A favourite quote and a way by which to approach life.

Today is the tomorrow that you worried about yesterday.

Friday, 8 August 2008

In the nick of time

I'm a few days out of hospital now after going in on Monday last week. I phoned the ward to ask for advice, and was so fed up by then that I actually ended up in tears when talking to the Charge Nurse, so he said to go in since they had a bed. My friend K took me in very shortly after that, and it's a good thing she did, because although I hadn't been horrendously awful when I first arrived, I went downhill fairly rapidly, and within hours was struggling considerably. In fact, it was in the first examination that the doc said she'd get ITU to come up to see me, so even though I wasn't feeling desperately ill at this stage, I was was clearly bad enough to cause concern. It's a bit of a worry that really - the fact that my perception of how ill I am has deteriorated even more, as a result of being so used to feeling poorly. So ITU came to see me, and you know it's not a good sign when they listen closely to your lungs and then tap the stethoscope to check that it's working - an indicator that they can't hear air moving in or out of my lungs. I really hate ITU (I've written a bit about that before), and the ITU team know this too, so they try to keep me on the ward if at all possible, because they think that the stress of going 'downstairs' may make the attack worse. It's a bit of a gamble to take, I suppose, but I know that they'd take me if they absolutely had to, and despite the trauma and upset of it I'd go.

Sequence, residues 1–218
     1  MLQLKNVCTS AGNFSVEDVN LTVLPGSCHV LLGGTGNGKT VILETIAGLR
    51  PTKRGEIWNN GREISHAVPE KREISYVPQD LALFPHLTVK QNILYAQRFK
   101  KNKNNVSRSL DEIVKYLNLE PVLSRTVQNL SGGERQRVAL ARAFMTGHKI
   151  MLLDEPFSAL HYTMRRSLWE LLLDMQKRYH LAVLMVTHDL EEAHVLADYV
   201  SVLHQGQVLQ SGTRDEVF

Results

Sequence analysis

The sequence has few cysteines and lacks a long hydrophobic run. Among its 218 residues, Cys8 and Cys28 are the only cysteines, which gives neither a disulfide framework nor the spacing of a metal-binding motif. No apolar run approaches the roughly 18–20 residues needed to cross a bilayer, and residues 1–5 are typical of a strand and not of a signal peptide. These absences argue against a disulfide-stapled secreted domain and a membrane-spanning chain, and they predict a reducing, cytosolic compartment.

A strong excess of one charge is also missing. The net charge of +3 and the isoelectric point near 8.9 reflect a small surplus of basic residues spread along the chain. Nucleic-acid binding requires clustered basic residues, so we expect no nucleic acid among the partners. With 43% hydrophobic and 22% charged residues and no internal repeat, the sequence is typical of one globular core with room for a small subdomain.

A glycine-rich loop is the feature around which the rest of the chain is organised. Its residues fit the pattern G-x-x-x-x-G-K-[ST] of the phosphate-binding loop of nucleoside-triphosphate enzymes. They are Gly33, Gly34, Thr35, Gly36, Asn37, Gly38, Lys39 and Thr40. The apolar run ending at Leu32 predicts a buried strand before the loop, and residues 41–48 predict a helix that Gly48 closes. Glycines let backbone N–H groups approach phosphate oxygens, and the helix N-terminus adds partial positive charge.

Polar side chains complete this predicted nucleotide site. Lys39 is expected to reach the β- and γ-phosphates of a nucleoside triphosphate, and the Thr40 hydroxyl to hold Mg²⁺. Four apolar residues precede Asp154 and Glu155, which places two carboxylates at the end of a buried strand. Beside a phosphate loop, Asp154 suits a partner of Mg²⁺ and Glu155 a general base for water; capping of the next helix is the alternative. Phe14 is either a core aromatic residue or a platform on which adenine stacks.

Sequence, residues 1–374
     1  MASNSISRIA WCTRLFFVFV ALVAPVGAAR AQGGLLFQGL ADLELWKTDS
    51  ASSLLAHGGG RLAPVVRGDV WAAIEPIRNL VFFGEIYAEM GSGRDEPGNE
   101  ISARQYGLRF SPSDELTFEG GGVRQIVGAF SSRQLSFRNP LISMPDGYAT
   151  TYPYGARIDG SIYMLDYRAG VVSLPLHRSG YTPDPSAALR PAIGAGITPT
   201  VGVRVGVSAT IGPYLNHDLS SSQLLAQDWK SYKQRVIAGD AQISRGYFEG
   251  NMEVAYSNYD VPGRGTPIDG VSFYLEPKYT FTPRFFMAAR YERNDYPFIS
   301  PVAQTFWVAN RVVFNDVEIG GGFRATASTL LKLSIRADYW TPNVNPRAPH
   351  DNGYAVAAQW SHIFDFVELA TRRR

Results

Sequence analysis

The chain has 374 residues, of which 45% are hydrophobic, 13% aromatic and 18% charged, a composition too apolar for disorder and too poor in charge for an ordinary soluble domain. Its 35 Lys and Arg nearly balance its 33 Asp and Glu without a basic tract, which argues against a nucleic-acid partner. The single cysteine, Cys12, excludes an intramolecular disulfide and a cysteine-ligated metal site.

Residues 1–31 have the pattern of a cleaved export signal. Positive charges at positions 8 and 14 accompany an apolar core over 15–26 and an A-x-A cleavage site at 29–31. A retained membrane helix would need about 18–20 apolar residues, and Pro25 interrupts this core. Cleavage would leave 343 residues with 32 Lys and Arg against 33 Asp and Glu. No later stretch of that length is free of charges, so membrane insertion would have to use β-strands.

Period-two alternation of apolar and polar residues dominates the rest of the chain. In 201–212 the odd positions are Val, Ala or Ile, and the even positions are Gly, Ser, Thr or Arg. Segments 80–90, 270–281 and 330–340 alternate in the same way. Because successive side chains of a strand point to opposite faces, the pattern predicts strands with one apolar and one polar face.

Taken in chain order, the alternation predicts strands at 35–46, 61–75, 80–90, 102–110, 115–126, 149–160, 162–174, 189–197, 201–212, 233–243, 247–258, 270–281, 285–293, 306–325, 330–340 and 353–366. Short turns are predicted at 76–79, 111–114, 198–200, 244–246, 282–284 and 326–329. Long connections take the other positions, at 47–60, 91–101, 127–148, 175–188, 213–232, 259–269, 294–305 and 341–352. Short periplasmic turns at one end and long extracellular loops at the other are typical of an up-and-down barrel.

I struggled on all through Monday and Monday night, and then Tuesday and Tuesday night. No sleep. No rest. No relief. Sometime in the middle of the night on the Tuesday I got really scared and ran out of energy to fight on. You may remember that I'd been struggling at home for quite some time and was already tired before I went in, so by the early hours of Wednesday I was beyond tired and felt as though I just couldn't go on any more. I prayed with all my heart, and despite the late hour I texted some friends, including an old friend who's a vicar. He usually turns his mobile off at night, but that night he had it on and was awake. He picked up my message quickly and prayed fervently for me, and I'm sure it's because of his prayers that I'm alive today. I got beyond fear and reached a point of calm acceptance of the situation - that I had no fight left and was about to die. It was a very tranquil peace, and although disappointed that I'd reached the end of my life, I wasn't scared any more ... and then I started to slowly improve. I could feel the drugs that'd been continually pumped into me for over 36 hours begin to take effect, and that gave me just enough of a boost to push through the last few hours. The nursing staff were concerned, and could see how exhausted I was, and they'd requested ITU come up and assess me again, but everywhere was busy, ITU were taking their time, and the staff on the ward were having a heavy night with a lot of 'poorlies' to take care of and only two qualified nurses and one health care assistant (the usual nursing staff level during a night shift on that ward - and 30 patients). The nurses would come and sit with me, hold my hand, talk to me, just be with me whenever they could, but they couldn't be there all the time, which is part of the point of ITU/HDU. Anyway, by the time ITU came up again my lungs had at last settled a fair bit, even enough to sleep! ITU didn't take me off their list though until Friday.